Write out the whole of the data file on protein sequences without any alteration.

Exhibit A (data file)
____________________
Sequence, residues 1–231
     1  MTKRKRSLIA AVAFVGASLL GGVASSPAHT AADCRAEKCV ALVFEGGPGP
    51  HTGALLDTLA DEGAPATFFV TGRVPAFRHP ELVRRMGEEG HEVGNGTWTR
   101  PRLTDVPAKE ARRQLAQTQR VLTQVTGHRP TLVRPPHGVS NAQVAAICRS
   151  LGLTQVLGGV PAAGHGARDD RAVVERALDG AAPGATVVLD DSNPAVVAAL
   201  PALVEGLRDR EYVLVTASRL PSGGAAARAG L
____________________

Sequence, residues 1–231
     1  MTKRKRSLIA AVAFVGASLL GGVASSPAHT AADCRAEKCV ALVFEGGPGP
    51  HTGALLDTLA DEGAPATFFV TGRVPAFRHP ELVRRMGEEG HEVGNGTWTR
   101  PRLTDVPAKE ARRQLAQTQR VLTQVTGHRP TLVRPPHGVS NAQVAAICRS
   151  LGLTQVLGGV PAAGHGARDD RAVVERALDG AAPGATVVLD DSNPAVVAAL
   201  PALVEGLRDR EYVLVTASRL PSGGAAARAG L